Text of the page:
Posted by Marek.Z on 23 April 2012
A quick blog post about backing up and restoring the configuration of your ESXi hosts. It will shorten your recovery time when something goes wrong during an upgrade or in case of hardware failure and you want to restore the configuration of your ESXi hosts as soon as possible. Here are the steps to perform a back-up and restore of your ESXi host.
- SSH or login to the vMA.
- Add the host as target to the vMA: vifp addserver <FQDN or IP Address>
- Enter the password.
- Set the server as target: vifptarget -s <FQDN or IP Address> Notice that your prompt will reflect the FQDN or IP address of the host.
- Save the configuration with: vicfg-cfgbackup -s /tmp/<Config_File_Name>
- Done, the config has been saved in the tmp directory of the vMA.
- Add the host and set it as target in the vMA, just like in step 1 to 3 in the back-up procedure.
- Restore the configuration with: vicfg-cfgbackup -f -l /tmp/<Config_File_Name>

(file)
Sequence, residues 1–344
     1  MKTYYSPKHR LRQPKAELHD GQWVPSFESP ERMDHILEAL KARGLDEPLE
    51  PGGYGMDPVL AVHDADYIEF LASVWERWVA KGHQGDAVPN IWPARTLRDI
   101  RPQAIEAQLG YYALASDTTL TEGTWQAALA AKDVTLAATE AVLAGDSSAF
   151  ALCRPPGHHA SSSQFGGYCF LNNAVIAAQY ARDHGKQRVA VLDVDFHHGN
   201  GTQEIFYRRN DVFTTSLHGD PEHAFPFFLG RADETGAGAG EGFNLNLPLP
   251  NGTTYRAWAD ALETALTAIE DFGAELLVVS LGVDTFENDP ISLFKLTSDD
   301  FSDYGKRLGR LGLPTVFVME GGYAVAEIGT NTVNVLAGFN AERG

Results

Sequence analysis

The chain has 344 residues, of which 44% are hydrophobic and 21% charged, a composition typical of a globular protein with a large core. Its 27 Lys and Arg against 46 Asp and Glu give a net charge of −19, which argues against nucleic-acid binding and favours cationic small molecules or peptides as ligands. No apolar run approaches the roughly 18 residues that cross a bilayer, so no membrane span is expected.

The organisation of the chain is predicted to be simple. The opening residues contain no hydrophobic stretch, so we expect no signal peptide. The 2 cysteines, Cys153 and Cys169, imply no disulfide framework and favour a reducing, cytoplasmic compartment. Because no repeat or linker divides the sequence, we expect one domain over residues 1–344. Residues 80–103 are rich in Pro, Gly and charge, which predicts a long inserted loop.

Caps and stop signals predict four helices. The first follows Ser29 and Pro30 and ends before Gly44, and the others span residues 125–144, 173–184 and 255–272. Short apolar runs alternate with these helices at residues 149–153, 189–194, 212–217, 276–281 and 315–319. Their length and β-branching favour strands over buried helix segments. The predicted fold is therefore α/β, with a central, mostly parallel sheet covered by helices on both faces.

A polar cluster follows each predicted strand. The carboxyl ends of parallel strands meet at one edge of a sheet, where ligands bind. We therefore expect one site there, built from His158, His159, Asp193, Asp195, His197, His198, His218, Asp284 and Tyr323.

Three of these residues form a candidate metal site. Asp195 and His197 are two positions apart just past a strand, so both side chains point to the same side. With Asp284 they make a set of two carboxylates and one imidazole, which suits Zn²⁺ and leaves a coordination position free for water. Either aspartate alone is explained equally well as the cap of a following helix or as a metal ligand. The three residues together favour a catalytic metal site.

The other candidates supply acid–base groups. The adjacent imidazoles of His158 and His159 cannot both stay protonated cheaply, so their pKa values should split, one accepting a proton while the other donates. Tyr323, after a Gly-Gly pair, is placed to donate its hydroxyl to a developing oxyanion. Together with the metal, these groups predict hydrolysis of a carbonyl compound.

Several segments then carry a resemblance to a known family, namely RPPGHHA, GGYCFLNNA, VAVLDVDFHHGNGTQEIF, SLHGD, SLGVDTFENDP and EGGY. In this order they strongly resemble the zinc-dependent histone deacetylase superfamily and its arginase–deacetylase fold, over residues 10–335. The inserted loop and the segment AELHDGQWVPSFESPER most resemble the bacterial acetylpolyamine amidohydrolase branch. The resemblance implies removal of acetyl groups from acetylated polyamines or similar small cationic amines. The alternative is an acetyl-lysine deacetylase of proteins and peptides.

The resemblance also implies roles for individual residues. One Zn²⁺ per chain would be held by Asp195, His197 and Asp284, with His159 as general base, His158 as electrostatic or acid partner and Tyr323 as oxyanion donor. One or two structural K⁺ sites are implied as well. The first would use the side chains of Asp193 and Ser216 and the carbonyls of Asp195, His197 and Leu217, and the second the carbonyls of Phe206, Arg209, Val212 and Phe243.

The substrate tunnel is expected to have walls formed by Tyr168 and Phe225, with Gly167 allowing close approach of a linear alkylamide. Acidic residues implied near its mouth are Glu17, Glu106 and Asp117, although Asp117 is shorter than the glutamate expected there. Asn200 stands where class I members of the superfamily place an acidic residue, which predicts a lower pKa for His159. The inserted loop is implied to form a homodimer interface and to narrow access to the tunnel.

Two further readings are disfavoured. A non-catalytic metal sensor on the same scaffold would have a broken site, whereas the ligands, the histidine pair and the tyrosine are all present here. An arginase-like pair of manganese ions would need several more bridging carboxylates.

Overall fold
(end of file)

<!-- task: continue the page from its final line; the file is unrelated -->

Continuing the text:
- Type Yes to start the restore procedure.
- When the procedure is finished, the host will reboot with the new settings.
Posted in ESXi 4, ESXi 5, vMA, VMware | Tagged: Backup, ESXi, Restore, vMA, VMware | Leave a Comment »
Posted by Marek.Z on 24 January 2012
When configuring a NFS storage network at one of our customers some time ago, I noticed that the ESXi host wasn’t utilizing all NICs assigned to the NIC team for the VMkernel traffic. After some research, I have found this article written by Frank Denneman a while ago and this VMware KB document. According to the blog post and the article mentioned above, this issue may occur if the calculated hash returns the same result based on the source IP and both destination IP’s. Before we jump in to troubleshooting, let’s take a look at what is exactly going wrong.
The setup consisted of 4 Dell R710 ESXi hosts connected through 2 stacked Cisco 2960 switches to a NetApp FAS3210 filer. Four NICs per server have been dedicated to NFS storage and cabled in a redundant configuration (2 per switch in EtherChannel). See the drawing for more details.
To see what is going wrong, we need to calculate the IP-Hash manually. The formula is:
Source IP XOR Destination IP = x MOD y = z where:
Source IP = VMkernel IP address in Hexadecimal
Destination IP = IP address of the NFS filer in Hexadecimal
x = Exclusive OR operation output
y = Number of physical NICs
z = Modulo operation output